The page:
Yesterday, I finally got around to pulling out the remaining bushes in the front garden: the bigger of the two hollys (which was a BEAR to get out of the ground), an azaelea, a rhododendron, and two dwarf alberta pines. I was surprised to see how much room they were really taking up! The garden looks much more open now and I am excited to reconfigure the remaining plants (and maybe add a few—I'm hoping to snag a few things from my mom's and cousin's gardens this weekend.

To start, I moved the two columbines from between the roses at the side of the house to the front, and grouped all the irises together. To temporarily fill in the space left behind by the bushes, I moved some hostas and euphorbia. Tomorrow I'll finish up moving around the existing plants and finding new places for the bushes. The holly will go in the back yard with its partner, and I'll have to play around with the placement of the others, somewhere in the front but certainly not in the middle of the garden where they were before!

Still no sign of asparagus, and it's been almost two weeks since I planted 'em. The broccoli seems to be doing well, as is the watermelon seedlings, tomato and pepper plants. Hopefully we can look forward to a robust harvest this year.

I should have photos to share tomorrow!

Wednesday, June 10, 2009

Dig, dig, dig

I finally dug up a space for the three remaining Sugar Baby watermelon plants I had left. I also moved the few hosta plants I had in a sunny spot along the back fence into what I call The Woodland Garden which is really just the space beneath the weeping cherry tree in the corner. I'm also thinking of it as The New Hampshire Garden since just all the plants except for the the little violet came from my dad's house in Strafford—different varieties of ferns and hostas. I'm glad I moved them, filling in the space makes it look so much nicer! I just love how it is coming along.

We've also finally decided that the giant pussy willow (referring to the size of the fuzzy "buds", not the size of the plant—though it does grow up to 20 feet tall) will be planted in the middle of the back yard. It will be the centerpiece of another likely shady garden, with a sunny path surrounding it, and gardens surrounding the path at the perimeter of our property. I doubt it will all get done this year, more likely another year or two before it is fully realized, if not more. But it is nice to know that I have a plan, something to look forward to.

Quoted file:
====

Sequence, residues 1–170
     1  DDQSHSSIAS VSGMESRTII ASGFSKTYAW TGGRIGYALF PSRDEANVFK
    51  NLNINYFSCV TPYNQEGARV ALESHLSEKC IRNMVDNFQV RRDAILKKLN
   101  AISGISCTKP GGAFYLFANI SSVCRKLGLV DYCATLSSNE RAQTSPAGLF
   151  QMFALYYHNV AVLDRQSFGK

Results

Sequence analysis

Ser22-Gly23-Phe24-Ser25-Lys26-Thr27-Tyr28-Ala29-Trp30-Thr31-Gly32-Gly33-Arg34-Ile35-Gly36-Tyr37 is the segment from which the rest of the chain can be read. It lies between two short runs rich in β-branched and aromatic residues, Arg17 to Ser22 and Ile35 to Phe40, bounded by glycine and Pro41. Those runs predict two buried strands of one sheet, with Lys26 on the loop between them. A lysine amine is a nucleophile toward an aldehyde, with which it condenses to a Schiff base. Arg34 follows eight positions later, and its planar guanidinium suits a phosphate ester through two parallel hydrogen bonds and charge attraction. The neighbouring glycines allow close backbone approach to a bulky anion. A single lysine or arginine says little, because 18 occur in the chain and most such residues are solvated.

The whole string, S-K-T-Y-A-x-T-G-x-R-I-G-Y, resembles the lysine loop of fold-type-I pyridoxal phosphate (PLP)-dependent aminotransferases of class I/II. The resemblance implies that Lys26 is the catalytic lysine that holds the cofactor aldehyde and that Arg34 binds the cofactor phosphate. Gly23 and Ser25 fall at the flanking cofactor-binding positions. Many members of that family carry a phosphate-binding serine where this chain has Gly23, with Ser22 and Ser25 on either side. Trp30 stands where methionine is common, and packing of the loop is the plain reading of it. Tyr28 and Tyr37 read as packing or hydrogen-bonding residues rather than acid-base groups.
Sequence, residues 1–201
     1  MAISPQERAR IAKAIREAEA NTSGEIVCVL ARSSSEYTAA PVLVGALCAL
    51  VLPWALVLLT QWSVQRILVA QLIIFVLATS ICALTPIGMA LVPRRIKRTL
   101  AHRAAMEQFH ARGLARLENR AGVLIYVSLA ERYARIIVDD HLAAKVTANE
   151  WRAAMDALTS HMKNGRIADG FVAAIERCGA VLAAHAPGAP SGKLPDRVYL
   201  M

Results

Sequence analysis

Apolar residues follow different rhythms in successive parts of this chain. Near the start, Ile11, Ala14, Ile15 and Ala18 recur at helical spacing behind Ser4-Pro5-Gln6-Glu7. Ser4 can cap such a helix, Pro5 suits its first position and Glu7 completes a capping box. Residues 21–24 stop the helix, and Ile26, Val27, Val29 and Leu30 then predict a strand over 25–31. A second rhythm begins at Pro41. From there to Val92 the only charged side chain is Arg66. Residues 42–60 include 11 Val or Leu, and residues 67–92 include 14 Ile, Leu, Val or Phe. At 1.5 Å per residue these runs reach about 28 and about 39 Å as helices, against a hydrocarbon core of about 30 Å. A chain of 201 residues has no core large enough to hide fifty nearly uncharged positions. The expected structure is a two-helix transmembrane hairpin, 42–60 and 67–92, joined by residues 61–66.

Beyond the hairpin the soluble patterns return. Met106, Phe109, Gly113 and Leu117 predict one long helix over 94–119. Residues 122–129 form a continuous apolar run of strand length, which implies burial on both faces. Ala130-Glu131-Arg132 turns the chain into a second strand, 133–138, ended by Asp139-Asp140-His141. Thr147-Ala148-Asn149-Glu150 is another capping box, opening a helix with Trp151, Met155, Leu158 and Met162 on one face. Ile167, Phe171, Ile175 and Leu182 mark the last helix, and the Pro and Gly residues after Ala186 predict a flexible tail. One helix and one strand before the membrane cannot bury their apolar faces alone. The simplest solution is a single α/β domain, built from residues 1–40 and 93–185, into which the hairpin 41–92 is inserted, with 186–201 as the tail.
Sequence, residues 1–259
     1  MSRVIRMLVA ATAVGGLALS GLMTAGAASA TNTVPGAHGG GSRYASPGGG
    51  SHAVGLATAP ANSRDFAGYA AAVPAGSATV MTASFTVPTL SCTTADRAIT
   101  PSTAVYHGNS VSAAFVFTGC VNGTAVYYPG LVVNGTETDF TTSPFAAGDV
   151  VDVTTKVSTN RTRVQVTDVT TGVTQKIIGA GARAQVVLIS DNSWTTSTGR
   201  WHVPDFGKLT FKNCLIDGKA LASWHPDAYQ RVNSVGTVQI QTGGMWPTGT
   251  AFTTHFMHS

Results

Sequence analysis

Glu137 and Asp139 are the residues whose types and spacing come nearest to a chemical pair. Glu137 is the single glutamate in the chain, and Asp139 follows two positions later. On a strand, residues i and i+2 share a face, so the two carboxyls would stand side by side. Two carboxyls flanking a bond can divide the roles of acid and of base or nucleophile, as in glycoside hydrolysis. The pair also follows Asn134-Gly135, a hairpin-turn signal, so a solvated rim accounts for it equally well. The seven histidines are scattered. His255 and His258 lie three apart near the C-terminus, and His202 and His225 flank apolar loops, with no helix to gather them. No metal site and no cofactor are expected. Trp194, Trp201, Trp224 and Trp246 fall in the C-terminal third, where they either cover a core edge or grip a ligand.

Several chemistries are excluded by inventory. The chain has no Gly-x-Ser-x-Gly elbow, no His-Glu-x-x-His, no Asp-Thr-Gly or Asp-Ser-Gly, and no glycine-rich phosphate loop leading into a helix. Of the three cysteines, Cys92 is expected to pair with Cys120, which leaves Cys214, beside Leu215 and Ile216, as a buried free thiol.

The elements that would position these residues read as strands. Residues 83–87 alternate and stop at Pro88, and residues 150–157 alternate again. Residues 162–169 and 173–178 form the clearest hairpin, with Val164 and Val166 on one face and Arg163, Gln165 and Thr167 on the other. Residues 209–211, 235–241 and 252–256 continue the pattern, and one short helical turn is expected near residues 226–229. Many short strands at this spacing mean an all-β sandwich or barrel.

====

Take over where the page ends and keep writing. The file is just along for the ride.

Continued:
However, I am hoping that we can extend our patio out back this summer. That'll give us more room for chairs, maybe a small table, and more nice sunny spots for pots.

I need at least three lifetimes to do all I'd like...

Monday, June 8, 2009

I'm back!

I returned from New Hampshire Sunday with buckets full of plants from my dad's land in tow. It was a great trip overall that included a visit to a local, small nursery in Madbury (I think)—Debbie, if you are out there reading, hello and welcome to the internet! Debbie graciously welcomed my dad and me to sit down under her arbor with some raspberry iced tea and good conversation, while I admired and photographed her own personal gardens.

Walking up to the house

Dad with the huge Angelica plant—astounding!

Dad and Debbie chatting under the arbor, and the rabbit hutch in the foreground

Dad let me have at the grounds around his house and dig up quite a number of plants! I came home with more ferns (including a really big one that I wrestled out of the ground), several peonies (I know you're supposed to transplant them in the fall, so we'll see how they do), a purple columbine, a fledgling clematis, lillies of unknown kinds or two, scented geranium...

Things are really taking off and I am seeing things coming up that I have forgotten what they are now... I need to hunt down the pot tags I saved from last year's plantings, and find a good place to keep all of them catalogued for future reference.

In the meantime, here are those belated photos I've been promising and promising from a couple weeks ago now. I'll be taking more in the coming days, really need to catch up! Enjoy! (I'm actually wondering if anyone aside from Elizabeth reads this?)

Mom's columbine bloomed beautifully for the first time in my garden this year. Lovely!

The roses totally busted out!

Bridal Wreath Spirea in full bloom

More irises reveal themselves

UPDATE: These are Penstemon digitalis, indeed. Thanks again, Kim! I have two of these and think they are gorgeous!

The new veggie plot, with several varieties of peppers, plus the odd Sugar Baby watermelon and the asparagus patch.

One of the lovely lupines! I saw these growing wild in huge patches on the sides of the highway in New Hampshire and Vermont... should have grabbed some (is that legal?)

The shade garden really starting to take shape, ever a work in progress